The inconvenient truth about Al Gore is that he's to climate change what Michael Moore is to cinematic authenticity.
He's a mockumentarist.
If he were not a former U.S. vice-president, as well as a Democrat representing the loud left, Gore's docu-fictional film on climate change, An Inconvenient Truth, would not have added millions to his portfolio, enlarged his own carbon footprint to hypocritical proportions, but would have instead been taken with a grain of salt.
Without the big name, he would have long ago been dismissed for lack of credibility.
In an interview with the Globe & Mail, however, America's answer to Canada's enviro-dollar exploiter David Suzuki, was allowed to pump the garbage that the oilsands of Alberta represents a "reckless spewing of pollution into the Earth's atmosphere as if it's an open sewer."
Forget the fact that Gore's statement that the oilsands are a "resource curse" to Canada and remember instead that it will put billions into Canada's annual economy virtually ad infinitum and reduce stress on beleaguered taxpayers.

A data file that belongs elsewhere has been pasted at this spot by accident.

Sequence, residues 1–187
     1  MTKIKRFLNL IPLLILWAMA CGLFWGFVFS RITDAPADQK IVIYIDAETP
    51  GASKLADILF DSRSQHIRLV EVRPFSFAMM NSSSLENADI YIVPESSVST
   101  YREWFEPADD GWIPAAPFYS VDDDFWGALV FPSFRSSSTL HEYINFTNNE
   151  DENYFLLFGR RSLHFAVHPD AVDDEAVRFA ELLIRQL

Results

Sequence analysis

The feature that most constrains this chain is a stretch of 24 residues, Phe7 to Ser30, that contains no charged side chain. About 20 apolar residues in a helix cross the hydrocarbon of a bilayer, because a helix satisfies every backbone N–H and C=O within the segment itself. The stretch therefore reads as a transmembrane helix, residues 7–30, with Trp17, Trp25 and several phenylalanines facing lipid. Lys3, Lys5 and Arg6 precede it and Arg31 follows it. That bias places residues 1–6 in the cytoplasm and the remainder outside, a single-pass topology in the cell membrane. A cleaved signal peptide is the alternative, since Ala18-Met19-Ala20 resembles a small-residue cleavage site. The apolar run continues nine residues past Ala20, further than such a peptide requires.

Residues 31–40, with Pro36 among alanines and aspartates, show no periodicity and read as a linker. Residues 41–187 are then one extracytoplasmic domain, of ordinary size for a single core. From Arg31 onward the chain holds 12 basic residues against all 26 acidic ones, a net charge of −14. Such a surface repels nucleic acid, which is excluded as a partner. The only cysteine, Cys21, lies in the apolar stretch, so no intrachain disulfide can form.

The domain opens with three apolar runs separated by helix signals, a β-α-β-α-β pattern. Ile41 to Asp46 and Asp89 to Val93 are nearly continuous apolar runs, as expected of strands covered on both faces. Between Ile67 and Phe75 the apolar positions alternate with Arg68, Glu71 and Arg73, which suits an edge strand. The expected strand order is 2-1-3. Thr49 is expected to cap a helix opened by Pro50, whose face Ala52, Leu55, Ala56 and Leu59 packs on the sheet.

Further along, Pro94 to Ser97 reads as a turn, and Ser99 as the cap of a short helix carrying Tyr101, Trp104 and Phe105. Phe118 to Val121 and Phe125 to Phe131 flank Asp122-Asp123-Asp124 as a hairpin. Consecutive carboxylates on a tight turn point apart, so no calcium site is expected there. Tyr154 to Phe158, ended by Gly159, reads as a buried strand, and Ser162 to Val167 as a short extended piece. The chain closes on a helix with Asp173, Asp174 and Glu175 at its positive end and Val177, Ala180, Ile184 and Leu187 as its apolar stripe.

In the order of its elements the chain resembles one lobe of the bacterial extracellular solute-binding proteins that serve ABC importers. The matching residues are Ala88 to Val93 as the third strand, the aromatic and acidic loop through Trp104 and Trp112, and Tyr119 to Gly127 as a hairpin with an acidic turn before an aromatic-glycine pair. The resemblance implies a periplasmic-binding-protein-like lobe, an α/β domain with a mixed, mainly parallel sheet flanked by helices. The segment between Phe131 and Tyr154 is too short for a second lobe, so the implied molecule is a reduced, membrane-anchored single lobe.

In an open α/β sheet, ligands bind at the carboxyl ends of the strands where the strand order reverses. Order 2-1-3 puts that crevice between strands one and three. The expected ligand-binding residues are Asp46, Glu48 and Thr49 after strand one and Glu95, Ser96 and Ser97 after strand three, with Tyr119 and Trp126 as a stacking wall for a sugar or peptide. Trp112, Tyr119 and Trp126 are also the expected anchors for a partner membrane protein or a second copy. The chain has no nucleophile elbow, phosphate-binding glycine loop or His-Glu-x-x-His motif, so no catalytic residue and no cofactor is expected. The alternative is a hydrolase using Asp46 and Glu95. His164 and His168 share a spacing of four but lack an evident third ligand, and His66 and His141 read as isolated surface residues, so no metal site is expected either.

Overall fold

As for which oil source is dirtier, well, this, of course, is splitting hairs.
There is no such thing as "undirty" crude but, even if the European Union presently buys very little oil from Canada, this directive already dividing Europe must be challenged by Oliver as a little too precious to peddle when the truly "dirtiest" oil comes from the Middle East, home of some of the most horrendous human-rights abusers on the planet.
The left hates this argument, of course.
Why? Because it's an inconvenient truth.
And they can't handle it.